The tubes are CCH1, CF3, CBC1, CL4 and AZ1. The 8-inch 15 ohm speaker behind the left half of the cloth has a 1 kohm field winding, the connector for external speaker is in parallel with the primary winding of the output transformer and thus exposed to high voltage, but that is easy to change. Bandwidth is adjustable in the first IF-transformer and linked to the tone control which has a switch for treble cut. The volume knob is also the power switch where oddly in is on and out is off, the wavelength switch for LW, MW and SW is on the right side. On the first two bands double input circuits are used which is not common with 460 kHz IF. An "orthoskop" is a tuning aid, showing the longest stripe of light when the station is correctly tuned in.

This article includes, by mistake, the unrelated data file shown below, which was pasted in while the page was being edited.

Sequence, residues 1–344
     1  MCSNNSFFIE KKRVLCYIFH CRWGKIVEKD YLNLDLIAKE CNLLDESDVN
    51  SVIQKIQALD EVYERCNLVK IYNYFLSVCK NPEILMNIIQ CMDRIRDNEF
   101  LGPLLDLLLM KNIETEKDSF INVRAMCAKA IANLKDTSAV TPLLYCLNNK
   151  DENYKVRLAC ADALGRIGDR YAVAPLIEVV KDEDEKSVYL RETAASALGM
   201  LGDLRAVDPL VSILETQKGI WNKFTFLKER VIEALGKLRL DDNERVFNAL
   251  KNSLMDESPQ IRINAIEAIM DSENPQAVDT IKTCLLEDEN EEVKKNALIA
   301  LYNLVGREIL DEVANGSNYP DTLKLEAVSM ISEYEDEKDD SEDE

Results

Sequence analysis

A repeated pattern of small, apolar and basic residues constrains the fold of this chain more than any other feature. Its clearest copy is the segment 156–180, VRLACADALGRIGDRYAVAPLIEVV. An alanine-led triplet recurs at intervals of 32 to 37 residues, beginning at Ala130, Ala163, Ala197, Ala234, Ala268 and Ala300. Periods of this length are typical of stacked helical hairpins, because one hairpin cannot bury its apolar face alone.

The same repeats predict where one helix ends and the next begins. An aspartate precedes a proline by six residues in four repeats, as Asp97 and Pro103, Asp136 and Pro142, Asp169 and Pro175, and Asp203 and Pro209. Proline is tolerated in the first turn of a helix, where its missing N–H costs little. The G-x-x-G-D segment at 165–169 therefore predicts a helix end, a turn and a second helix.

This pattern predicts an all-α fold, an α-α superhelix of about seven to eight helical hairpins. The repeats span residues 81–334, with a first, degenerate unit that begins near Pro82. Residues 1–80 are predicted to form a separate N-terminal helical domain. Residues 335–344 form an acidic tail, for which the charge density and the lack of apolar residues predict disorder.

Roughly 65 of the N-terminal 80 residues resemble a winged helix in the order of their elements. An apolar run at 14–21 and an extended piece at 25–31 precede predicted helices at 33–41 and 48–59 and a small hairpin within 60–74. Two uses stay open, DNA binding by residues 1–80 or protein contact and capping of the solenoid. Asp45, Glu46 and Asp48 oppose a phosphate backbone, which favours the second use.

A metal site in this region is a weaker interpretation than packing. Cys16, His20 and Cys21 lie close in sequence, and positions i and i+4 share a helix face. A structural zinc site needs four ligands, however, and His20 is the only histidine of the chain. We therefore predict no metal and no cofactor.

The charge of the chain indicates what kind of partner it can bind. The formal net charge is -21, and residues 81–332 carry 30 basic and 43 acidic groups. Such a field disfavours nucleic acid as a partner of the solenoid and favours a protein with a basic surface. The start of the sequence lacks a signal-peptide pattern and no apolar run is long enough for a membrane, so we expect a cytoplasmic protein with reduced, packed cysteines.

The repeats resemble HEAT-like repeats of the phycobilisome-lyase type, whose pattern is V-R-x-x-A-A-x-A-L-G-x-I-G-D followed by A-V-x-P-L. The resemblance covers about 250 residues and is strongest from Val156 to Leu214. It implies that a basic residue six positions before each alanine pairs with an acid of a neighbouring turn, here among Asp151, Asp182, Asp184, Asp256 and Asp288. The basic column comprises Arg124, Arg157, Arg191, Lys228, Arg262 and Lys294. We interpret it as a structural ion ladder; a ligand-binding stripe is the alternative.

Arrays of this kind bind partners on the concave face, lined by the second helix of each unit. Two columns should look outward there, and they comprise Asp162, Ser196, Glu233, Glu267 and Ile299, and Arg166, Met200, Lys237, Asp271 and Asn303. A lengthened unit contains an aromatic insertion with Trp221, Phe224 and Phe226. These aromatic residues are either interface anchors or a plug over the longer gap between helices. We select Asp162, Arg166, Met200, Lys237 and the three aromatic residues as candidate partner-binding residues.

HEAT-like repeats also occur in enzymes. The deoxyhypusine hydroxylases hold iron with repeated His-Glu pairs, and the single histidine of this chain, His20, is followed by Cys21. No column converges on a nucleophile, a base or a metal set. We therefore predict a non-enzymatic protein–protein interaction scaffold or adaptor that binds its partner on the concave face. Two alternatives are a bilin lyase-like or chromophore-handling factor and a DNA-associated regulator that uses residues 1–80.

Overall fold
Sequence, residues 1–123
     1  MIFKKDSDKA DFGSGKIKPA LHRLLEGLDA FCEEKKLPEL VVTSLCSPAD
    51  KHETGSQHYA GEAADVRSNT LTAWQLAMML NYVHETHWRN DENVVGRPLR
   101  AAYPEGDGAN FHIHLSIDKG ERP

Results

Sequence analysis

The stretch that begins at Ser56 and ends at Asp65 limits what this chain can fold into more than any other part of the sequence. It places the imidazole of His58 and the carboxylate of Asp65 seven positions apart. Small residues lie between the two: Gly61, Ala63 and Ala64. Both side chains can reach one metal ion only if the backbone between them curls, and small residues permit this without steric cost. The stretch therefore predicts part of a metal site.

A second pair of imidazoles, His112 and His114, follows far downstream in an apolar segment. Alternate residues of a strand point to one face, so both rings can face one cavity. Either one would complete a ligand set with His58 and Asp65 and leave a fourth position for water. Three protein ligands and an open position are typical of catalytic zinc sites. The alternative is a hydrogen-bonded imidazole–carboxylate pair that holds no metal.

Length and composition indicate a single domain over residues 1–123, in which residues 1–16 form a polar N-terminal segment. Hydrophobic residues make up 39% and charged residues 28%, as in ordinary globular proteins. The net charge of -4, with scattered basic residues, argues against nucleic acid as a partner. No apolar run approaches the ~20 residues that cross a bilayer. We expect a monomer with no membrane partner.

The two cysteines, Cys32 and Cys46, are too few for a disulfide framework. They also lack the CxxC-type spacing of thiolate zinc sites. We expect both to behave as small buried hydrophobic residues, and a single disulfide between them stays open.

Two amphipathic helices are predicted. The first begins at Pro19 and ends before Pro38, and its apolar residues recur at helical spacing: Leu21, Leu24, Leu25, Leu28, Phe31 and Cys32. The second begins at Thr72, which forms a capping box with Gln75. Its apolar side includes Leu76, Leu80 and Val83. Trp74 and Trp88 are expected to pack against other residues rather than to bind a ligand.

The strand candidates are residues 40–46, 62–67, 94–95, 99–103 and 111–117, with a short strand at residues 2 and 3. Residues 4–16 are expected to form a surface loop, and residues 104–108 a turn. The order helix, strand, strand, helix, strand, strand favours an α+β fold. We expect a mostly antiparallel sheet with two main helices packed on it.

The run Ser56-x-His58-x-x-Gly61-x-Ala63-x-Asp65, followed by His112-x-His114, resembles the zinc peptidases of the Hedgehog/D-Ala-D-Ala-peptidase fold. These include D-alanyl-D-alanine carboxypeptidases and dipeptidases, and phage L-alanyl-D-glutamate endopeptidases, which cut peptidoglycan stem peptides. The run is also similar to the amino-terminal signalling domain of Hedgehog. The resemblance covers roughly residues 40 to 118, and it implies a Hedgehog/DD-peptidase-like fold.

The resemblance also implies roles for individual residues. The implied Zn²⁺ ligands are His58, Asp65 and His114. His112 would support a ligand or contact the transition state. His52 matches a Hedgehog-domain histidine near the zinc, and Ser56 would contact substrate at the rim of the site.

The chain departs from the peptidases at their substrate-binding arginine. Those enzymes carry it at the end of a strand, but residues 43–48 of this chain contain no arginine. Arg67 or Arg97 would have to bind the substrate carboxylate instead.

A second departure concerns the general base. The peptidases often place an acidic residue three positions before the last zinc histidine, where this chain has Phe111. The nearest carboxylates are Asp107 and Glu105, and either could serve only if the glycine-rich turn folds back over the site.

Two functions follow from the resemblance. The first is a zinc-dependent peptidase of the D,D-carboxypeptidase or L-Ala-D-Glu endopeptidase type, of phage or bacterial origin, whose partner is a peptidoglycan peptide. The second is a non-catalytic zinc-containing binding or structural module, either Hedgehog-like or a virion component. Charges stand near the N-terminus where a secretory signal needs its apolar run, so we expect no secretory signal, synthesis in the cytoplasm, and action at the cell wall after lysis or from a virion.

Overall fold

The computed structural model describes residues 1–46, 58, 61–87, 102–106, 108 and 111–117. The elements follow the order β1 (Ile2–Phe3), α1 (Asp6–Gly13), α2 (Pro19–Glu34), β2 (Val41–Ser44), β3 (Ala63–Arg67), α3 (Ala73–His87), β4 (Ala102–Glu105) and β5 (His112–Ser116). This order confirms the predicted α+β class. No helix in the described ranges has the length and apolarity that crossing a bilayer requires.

The previous owner had changed the filter capacitors and replaced the power tube CL4 with EBL1 using a separate 6.3 V heater transformer and I have added one inside the cabinet. Maximum output is 1.6 W at the onset of clipping and the sensitivity is 15 µV. I replaced four ceramic trimming capacitors, a low voltage elecrolytic, a dial lamp and a number of paper capacitors. The inductance of the antenna coupling coil is 9 mH on LW, 12 µH on MW and 0.9 µH on SW, the two last values indicate that a low impedence antenna is the best choice. The speaker cone needed repair and the sound lacked treble so I changed a resistor to raise the -6 dB limit from 3.5 to 6 kHz. The dial glass is inadequately illuminated, especially the green SW band, so I put three white LED´s on the inside of the back cover to improve visibilty. This radio was a gift, the original price being 248 kr.